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Wednesday, May 30,2012

The screening room

'Comedian': Being Seinfeld is no laughing matter

by James Sanford

If you missed out on getting a ticket for Jerry Seinfeldīs Thursday show at the Wharton Center, you can get some idea of what goes into one of his shows from the 2002 documentary “Comedian,” which documents Seinfeldīs return to the world of standup comedy after he wrapped up his phenomenally successful sitcom. If you are not a comedian, “Comedian” will probably not inspire you to try breaking into the business.

As scene after scene of a sweaty, visibly rattled Seinfeld demonstrates, making people laugh is a tough job and, despite its title, the movie is not particularly funny.

While other standup stars like Roseanne Barr, Tim Allen and Ellen DeGeneres took on the big screen in scripted movies (with wildly varying results), Seinfeld followed the route of Madonnaīs “Truth or Dare,” giving the world a warts-and-all look at his creative process. The movie shows us only bits and pieces of the actual act, concentrating instead on what it takes to put it all together.

Shot on video over the course of a year, “Comedian” is both literally and figuratively fuzzy. As it chronicles Seinfeldīs journey through New Yorkīs comedy dens — where he quickly learns a superstar name does not automatically guarantee a warm reception — the same situations keep repeating themselves: Onstage, Seinfeld is frequently jittery and only occasionally clever; offstage, he frets endlessly about not being able to generate enough new patter. Heīs flabbergasted when Chris Rock tells him about Bill Cosby performing for over two hours without a break.

Midway through, “Comedian” abruptly breaks away from Seinfeldīs struggle to examine Orny Adams, a 29-year-old who has devoted his entire life to becoming a comic. His home is filled with file after overflowing file of jokes that heīs accumulated and he seems to do well enough in front of a crowd. Yet he always seems to be dissatisfied with something: the attitude of the audience, meddling network TV censors, the progress of his career, etc.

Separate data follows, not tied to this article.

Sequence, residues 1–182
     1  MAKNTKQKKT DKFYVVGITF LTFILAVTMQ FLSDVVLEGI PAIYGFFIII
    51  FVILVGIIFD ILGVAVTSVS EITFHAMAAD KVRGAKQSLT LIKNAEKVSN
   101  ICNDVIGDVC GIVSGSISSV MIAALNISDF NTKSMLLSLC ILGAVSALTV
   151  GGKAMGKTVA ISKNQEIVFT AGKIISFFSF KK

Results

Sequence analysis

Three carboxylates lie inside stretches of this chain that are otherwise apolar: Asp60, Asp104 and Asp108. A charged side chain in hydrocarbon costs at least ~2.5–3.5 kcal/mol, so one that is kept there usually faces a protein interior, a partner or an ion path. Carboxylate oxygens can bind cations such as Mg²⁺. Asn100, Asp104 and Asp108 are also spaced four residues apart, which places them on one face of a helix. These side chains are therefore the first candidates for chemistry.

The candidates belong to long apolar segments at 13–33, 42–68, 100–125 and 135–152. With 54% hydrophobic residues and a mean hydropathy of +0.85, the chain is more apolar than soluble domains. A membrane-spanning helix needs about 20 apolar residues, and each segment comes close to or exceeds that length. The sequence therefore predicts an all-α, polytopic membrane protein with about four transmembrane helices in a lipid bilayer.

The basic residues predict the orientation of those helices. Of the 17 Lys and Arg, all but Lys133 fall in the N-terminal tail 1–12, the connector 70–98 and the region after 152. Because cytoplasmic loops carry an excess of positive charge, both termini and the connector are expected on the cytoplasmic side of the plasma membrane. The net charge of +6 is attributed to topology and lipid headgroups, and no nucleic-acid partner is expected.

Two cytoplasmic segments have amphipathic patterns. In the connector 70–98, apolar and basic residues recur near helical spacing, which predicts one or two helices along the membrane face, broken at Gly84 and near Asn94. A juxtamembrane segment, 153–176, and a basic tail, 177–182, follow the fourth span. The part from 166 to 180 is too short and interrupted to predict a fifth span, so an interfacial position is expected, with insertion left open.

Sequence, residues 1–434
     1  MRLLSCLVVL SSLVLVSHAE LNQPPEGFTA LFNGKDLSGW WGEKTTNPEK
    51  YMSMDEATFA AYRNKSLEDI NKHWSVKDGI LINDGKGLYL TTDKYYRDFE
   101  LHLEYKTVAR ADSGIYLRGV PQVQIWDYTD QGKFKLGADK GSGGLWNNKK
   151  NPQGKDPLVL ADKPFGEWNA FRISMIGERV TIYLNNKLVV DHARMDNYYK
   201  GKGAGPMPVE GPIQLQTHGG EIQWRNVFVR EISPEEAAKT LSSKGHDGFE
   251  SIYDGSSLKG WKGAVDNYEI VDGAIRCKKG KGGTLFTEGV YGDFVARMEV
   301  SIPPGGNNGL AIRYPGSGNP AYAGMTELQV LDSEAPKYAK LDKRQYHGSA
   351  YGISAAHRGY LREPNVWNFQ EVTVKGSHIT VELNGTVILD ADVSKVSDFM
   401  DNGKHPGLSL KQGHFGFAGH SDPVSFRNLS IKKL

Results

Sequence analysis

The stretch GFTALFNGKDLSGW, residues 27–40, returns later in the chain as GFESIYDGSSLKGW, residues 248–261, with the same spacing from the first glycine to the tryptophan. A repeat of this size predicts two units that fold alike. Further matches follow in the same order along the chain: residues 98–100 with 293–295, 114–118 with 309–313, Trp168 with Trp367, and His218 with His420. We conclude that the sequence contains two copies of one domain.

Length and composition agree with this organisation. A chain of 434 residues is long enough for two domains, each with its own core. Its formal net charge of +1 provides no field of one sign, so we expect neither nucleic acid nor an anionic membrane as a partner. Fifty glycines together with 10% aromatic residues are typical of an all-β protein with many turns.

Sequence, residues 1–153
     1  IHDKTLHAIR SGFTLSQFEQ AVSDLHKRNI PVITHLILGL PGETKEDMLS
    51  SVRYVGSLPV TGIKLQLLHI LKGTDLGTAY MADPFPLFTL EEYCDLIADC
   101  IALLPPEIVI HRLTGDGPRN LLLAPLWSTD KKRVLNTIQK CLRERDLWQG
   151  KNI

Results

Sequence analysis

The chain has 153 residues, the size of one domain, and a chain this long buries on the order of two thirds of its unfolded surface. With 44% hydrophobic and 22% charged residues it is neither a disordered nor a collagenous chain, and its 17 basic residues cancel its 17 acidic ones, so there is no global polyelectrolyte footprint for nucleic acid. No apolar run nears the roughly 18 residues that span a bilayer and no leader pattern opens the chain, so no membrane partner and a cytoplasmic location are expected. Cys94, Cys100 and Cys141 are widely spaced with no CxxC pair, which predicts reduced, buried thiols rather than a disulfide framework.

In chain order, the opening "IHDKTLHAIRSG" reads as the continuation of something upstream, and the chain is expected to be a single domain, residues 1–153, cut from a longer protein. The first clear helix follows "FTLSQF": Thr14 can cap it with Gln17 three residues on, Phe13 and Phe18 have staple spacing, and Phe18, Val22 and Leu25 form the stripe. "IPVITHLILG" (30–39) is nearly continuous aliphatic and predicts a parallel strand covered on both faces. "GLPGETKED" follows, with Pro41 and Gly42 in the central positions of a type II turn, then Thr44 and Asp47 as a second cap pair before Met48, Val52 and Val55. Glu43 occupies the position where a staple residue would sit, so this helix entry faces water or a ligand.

Adams doesnīt have Seinfeldīs fortune or following, but he does share — you guessed it — his neuroses about the art of standup. The difference is that Seinfeld could conceivably stay home and live off comfortably off of his TV residuals for the rest of his life while Adams is still hungry. Seinfeld takes gigs to satisfy his ego; Adams is working to pay the rent and the utility bills.

The contrast should provide more insight than it actually does. Of course itīs easy to appreciate the effort that goes into preparing a rock-solid routine, but the constant hand-wringing and second-guessing eventually becomes a little tiresome. Director Christian Charles managed to capture plenty of footage of Seinfeld hobnobbing with Robert Klein, Colin Quinn and Jay Leno, but aside from showing us in explicit detail how difficult it is to win over the two-drink-minimum crowd, “Comedian” does not have much in the way of fresh material.  

Jerry Seinfeld

7 p.m. Thursday, May 31

Wharton Center

$45-$75

The show is sold out, although some last-minute seats may be available.

(800) WHARTON

www.whartoncenter.com

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